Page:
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The federal government’s decision yesterday to slap fairly hefty tariffs on Chinese solar panels has prompted worries about a big rise in costs for consumers to go solar. But the impact will not likely be as significant for two reasons: any price increase will be absorbed along the way by everyone from manufacturers to installers, and the growing competition in the retail solar market will keep the cost to consumers in check.
The Department of Commerce’s decision determined that Chinese companies have indeed been selling products at below fair market prices, and the ruling addressed part of a broader trade complaint filed by SolarWorld and other manufacturers last October. To offset the impact of the below-market pricing, the commerce department reached a preliminary ruling to impose an import tariff of about 31 percent on solar cells from 61 Chinese manufacturers and nearly 250 percent for the rest.
It’s worth noting that the tariffs will affect only silicon solar cells made in China but not solar panels made in China with silicon solar cells from another country. Plus, the commerce department could modify the tariffs when it issues a final decision in October.
The 250 percent tariff sounds scary, but the fact is the biggest Chinese solar companies such as Suntech Power (s STP), Trina Solar (s TSL), Yingli Green Energy (s YGE) and Canadian Solar (s CSIQ) will face the 31 percent tariff. While that 31 percent tariff will likely raise the wholesale prices, there are ways to manage it.
For months Chinese manufactures have been brainstorming around ways to lessen the impact of any tariffs. They have been talking to solar cell makers in Taiwan about buying and shipping their cells to China or elsewhere to be assembled into panels. A company like Canadian Solar, for example, could buy Taiwanese solar cells and assemble them in its Canadian factory (most of the company’s manufacturing is in China, hence it’s considered a Chinese company) or hire a manufacturer in Korea. Chinese companies also could set up solar cell production outside of China.
Shyam Mehta, a senior analyst at GTM Research, estimated that hiring Taiwanese companies to make cells will increase production costs for Chinese companies by 6 percent to 12 percent, which “is meaningful but manageable.”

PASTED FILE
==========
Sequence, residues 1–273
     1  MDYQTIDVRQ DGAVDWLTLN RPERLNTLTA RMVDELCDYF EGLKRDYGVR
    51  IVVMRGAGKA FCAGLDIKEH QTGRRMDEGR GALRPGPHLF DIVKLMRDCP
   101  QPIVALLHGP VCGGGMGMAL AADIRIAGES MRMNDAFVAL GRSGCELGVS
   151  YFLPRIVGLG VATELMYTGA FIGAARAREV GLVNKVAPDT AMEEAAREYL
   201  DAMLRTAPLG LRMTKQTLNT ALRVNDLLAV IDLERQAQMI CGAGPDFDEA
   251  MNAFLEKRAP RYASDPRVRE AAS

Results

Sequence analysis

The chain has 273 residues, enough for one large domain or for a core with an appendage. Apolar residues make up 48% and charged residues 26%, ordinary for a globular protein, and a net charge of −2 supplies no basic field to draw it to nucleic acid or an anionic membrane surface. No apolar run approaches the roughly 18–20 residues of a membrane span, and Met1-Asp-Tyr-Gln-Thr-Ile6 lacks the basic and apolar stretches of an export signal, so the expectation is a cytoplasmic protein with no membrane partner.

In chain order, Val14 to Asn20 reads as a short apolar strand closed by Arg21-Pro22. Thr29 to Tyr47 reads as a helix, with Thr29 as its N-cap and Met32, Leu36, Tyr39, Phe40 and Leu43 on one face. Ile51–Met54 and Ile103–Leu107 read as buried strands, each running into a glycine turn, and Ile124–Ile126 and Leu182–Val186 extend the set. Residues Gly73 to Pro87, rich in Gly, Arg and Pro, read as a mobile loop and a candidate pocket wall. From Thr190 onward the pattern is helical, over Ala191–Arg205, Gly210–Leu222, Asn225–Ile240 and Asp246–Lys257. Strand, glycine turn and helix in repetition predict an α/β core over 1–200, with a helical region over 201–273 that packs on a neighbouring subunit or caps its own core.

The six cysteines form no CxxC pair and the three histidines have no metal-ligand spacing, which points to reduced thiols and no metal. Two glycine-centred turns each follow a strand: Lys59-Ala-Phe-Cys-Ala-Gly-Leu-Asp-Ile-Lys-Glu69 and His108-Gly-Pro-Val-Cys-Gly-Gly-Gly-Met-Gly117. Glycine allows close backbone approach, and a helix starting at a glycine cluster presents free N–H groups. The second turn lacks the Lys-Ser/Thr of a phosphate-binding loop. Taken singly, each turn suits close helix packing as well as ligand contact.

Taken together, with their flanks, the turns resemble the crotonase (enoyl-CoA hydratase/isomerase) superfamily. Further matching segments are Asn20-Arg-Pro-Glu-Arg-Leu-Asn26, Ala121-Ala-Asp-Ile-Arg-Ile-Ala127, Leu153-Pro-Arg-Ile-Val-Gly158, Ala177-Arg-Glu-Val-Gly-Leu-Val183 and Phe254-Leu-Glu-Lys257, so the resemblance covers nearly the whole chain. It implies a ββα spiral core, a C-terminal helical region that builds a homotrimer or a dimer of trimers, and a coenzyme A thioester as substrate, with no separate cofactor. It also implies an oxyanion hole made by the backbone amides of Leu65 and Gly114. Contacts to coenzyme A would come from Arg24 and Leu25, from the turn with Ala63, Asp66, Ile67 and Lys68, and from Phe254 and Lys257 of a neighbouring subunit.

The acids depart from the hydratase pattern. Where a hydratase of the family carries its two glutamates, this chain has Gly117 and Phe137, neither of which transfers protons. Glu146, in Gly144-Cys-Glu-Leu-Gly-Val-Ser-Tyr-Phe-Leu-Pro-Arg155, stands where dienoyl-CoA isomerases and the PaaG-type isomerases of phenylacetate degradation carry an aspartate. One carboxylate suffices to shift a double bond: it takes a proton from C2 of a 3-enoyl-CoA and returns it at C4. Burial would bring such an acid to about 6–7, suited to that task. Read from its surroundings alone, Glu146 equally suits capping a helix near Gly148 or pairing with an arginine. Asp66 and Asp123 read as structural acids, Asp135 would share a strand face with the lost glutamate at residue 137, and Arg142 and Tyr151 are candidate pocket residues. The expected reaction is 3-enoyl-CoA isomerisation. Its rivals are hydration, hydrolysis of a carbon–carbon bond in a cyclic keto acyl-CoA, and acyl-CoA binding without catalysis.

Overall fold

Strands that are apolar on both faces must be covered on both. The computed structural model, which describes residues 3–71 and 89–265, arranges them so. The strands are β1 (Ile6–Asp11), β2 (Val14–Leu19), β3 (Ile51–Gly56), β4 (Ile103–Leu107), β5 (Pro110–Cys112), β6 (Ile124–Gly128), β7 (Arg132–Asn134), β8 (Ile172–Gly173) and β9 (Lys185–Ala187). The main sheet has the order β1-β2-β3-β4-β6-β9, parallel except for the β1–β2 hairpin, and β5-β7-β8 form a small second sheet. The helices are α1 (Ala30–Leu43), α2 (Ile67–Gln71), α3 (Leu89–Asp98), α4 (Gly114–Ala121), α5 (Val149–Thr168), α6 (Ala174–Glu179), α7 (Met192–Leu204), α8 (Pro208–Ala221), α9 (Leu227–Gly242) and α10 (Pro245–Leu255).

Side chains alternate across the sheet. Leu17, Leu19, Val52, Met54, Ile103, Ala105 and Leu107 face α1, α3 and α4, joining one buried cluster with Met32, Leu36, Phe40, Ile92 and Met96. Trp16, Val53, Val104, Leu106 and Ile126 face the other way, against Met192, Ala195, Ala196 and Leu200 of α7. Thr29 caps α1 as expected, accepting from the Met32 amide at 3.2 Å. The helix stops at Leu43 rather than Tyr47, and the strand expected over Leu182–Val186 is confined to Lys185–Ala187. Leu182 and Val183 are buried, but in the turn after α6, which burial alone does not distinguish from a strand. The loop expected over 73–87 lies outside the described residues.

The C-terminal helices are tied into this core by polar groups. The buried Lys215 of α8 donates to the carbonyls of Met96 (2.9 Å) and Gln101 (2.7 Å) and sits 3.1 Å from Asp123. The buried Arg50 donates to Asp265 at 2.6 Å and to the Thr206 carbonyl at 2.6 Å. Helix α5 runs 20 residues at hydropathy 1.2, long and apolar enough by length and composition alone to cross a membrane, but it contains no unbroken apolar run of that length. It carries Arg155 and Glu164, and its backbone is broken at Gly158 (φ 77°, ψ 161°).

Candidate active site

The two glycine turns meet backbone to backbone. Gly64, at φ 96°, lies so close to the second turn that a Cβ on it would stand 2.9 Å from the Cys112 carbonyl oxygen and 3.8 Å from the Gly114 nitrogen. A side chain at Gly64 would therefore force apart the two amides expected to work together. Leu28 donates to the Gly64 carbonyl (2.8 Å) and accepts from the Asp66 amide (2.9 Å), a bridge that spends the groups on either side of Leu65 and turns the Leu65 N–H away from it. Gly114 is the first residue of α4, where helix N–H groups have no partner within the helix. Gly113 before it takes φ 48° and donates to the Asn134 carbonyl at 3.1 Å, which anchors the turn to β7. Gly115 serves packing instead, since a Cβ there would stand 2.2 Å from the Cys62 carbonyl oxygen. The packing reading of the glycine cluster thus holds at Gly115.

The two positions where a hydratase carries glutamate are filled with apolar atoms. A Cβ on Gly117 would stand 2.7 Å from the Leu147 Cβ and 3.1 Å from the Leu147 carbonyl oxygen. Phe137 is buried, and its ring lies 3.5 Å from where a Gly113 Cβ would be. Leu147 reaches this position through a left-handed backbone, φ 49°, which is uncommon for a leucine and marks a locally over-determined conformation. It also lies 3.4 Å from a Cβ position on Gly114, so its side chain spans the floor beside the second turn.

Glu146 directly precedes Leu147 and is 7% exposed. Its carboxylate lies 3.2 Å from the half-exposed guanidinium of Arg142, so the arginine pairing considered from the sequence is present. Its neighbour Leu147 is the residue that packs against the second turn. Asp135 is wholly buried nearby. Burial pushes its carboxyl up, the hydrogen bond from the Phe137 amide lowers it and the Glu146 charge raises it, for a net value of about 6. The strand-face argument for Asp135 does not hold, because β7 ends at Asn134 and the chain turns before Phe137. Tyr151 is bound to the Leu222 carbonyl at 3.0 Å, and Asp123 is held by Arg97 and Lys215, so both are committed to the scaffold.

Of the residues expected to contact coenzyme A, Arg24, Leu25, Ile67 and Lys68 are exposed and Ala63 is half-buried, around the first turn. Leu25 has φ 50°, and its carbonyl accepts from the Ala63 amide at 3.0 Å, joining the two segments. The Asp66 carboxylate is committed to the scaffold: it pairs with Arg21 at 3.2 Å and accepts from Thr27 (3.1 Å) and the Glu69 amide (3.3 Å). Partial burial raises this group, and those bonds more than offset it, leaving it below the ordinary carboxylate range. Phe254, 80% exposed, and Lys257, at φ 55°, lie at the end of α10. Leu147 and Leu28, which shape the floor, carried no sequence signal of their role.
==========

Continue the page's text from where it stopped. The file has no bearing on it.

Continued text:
While manufacturers figure out their strategies, solar service providers – from companies that provide consumer financing to roofers who install solar panels – need to come up with plans to cope with higher solar panel prices. People in the solar retail sector, understandably, have strongly opposed the trade complaint. They contend that the solar market growth could slow if they have to pay more for solar panels.
Certainly, profits will shrink if costs increase. But that doesn’t mean retail service providers will raise their prices or raise by a whole lot. They will likely absorb the added costs and still make good money, especially by increasing the sales volumes (the solar market is hardly saturated). We are not talking about razor-thin margins that will be rendered non-existent by the tariffs.
For a while now, investors and solar retail service providers have talked about how they could deliver or receive very good (double digit) and long-term returns. We’ve seen banks and other types of investors such as Google (s GOOG) putting up funds in hundreds of millions to finance leases and power purchase agreements, which are long-term contracts in which consumers pay a monthly fee for solar electricity instead of the high upfront cost of installing and owning solar panels. Consumers opt for these financing plans because they take away the hassles of doing research and picking equipment manufacturers, and because they are often promised lower utility bills. That promise of lower utility bills is a key selling point, and any solar retailer who took that away will lose a serious competitive edge.
Competition in the retail sector has intensified in recent years, and that, too, will make it difficult to raise prices and still compete effectively. Venture-backed startups such as Sungevity, SolarCity and Sunrun started in 2006 or 2007 and have expanded well beyond their home turf of California. Many more have shown up and some of them that first made their fortunes in a different business, such power company NRG Energy (s NRG), home security company Vivint and roof installer PetersenDean. Consumers only benefit when they have more companies to choose from.
Lastly, solar panels don’t make up the bulk of the price of a solar electric system. In fact, they take up around 20 percent, and the rest comes from the costs of other components, sales and marketing, permits and labor. A bigger worry for installers has been these non-solar panel costs, particularly in permitting and marketing and sales. The average price for a residential system by the end of last year was just over $6 per watt (and less $5 per watt if a homeowner bought a system outright rather than doing a lease), GTM said, while the wholesale price for solar panels was near $1 per watt (it was $1 per watt when I caught up with Chinese solar panel makers at PV America West in March). UPDATE: Solar panel prices fell around 50 percent in 2011 while the average price for a residential system dropped 3.6 percent during that time.
The solar industry wants to show critics that solar electricity can be affordable and compete with power from fossil fuels and it deserves government subsidies to help reduce costs. To raise prices in a big way will only give ammunition to critics that solar is far from prime time. That’s one outcome everyone in the solar industry, regardless of which side they are on in the trade dispute, would hate to see.